Background: The mechanism of isoflurane-induced cerebral hyperemia is poorly understood. Data from studies in vitro suggest that volatile anesthetics release a vasodilator prostanold. We hypothesized that prostanoids and nitric oxide (NO) are mediators of this response in vivo. If true, inhibition of cyclooxygenase by indomethacln (5 mg/kg intravenously) or of nitric oxide synthase by N(R)-nitro-L-arginine methyl ester (L-NAME; 40 mg/kg intravenously) should attenuate isoflurane-induced hyperemia. Any response to L-NAME occurring via nitric oxide should be competitively reversed by L-arginine.
Methods: The cerebral blood flow (microsphere) response to 1 MAC isofiurane was tested at three time points (0, 90, and 180 min) in pentobarbltal-anesthetized pigs. Isofiurane challenges were separated by 60-min periods of continuous intravenous pentobarbital alone. Control animals (n = 7) received no additional pharmacologlc intervention. Experimental animals were randomized to receive L-NAME before the second and indomethacin before the third isofiurane challenge (n = 7); L-NAME before the second and L-arginine (400 mg/kg intravenously) before the third isofiurane challenge (n = 9); or indomethacin before the second and L-NAME before the third isofiurane challenge (n = 8).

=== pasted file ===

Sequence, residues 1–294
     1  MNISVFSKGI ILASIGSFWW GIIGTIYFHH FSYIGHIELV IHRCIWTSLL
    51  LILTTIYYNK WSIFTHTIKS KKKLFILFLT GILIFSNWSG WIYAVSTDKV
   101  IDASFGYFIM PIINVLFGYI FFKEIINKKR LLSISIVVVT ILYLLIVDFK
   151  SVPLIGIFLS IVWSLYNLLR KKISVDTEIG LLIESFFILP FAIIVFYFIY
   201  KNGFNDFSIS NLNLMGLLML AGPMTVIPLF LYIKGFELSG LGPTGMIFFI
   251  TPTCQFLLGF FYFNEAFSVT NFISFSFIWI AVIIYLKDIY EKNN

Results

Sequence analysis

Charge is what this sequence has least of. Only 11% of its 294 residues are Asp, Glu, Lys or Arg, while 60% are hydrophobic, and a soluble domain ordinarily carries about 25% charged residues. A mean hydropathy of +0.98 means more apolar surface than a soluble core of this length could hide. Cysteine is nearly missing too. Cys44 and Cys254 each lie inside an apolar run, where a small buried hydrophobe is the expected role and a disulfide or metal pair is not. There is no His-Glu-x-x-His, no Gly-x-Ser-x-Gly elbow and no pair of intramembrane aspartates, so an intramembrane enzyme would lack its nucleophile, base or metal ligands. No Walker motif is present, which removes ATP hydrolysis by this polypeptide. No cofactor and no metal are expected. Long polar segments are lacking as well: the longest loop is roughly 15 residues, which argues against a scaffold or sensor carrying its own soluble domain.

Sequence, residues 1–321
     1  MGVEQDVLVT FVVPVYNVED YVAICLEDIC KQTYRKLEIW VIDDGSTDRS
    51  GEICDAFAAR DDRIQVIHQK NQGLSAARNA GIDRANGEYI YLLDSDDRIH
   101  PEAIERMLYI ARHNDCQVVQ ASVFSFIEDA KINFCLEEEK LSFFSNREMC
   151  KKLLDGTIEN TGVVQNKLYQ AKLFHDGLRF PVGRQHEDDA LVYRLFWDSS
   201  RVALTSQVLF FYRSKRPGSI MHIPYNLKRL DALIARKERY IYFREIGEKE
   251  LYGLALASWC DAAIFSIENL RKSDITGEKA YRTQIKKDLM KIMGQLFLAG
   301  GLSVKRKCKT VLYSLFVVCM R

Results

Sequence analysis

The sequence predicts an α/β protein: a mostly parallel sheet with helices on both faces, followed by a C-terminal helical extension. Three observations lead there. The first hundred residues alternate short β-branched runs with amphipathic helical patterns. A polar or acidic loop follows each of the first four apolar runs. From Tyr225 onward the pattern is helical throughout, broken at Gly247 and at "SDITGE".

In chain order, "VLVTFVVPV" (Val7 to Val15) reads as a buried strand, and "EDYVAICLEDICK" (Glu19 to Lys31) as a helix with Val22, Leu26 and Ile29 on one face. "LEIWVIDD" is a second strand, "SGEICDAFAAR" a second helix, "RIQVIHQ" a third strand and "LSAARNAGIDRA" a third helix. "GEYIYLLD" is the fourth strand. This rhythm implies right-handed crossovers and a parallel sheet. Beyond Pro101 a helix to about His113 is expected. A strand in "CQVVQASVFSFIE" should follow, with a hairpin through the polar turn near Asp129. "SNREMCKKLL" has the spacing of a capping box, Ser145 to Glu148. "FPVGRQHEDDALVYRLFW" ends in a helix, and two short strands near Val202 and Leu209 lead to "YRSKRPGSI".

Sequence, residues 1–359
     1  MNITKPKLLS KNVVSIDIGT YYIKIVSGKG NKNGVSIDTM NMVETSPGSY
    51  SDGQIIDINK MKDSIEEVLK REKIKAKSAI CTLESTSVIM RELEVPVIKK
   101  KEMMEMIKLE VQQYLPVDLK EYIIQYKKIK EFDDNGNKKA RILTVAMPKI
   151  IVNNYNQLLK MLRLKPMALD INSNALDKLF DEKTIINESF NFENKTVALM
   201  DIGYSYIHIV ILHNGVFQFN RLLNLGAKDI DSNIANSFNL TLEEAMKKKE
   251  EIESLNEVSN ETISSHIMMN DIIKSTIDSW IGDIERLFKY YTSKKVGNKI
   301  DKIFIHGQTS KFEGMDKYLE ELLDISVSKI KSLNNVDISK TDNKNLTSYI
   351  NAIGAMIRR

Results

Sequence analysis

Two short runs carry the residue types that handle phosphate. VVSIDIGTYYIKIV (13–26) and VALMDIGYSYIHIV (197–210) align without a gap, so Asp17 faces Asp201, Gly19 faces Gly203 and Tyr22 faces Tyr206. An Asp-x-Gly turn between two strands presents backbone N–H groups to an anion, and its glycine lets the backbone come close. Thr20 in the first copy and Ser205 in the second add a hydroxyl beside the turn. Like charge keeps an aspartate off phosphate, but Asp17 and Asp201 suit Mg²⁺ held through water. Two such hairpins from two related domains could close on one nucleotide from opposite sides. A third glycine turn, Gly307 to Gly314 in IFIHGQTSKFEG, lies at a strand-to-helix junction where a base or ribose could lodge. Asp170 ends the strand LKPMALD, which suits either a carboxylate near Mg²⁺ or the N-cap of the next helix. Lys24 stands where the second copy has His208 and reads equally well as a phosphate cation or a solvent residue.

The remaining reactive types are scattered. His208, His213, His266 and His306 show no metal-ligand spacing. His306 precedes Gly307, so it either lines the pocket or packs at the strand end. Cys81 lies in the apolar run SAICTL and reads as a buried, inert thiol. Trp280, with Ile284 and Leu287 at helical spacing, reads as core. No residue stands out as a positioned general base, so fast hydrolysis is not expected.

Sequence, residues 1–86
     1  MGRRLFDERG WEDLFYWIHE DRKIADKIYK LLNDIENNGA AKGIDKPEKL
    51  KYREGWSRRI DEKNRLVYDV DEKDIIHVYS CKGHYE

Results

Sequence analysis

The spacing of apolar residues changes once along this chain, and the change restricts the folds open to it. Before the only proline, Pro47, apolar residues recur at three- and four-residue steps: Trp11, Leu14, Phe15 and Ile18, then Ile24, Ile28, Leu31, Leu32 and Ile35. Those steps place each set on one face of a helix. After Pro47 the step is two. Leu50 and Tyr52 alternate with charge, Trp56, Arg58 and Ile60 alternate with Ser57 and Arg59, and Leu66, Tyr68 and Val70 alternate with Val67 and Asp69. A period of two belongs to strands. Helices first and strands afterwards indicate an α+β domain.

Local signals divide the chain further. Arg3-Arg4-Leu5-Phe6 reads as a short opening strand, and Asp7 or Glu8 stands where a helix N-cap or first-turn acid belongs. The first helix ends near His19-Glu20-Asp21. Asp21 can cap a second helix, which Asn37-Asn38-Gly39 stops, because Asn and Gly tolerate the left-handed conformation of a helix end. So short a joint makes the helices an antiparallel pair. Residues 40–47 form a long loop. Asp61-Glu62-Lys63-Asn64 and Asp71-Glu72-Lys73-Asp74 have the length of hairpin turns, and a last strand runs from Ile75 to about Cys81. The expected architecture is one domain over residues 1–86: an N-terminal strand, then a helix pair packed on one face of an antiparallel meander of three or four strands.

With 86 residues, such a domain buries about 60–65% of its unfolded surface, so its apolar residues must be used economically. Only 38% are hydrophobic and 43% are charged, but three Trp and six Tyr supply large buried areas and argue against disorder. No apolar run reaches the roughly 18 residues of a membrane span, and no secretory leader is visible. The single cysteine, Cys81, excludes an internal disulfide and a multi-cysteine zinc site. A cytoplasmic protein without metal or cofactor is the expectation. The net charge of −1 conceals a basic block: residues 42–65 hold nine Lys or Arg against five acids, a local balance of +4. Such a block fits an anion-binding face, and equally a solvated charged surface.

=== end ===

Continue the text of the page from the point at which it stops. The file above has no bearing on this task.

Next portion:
Results: In control animals, isofiurane reproducibly increased cerebral blood flow (whole brain; 113 +/- 18%, 120 +/- 18%, and 103 +/- 19% increase above baseline at each time point, respectively). Both indomethacin and L-NAME attenuated (10 +/- 10% and 52 +/- 11% increase, respectively) the hyperemic response to isofiurane. The effect of L-NAME was reversed by L-arginine.
Conclusions: We conclude that both prostanoids and nitric oxide contribute to isoflurane-induced hyperemia. We are unable to determine from our data what, if any, interaction exists between these two mechanisms.
(C) 1994 American Society of Anesthesiologists, Inc.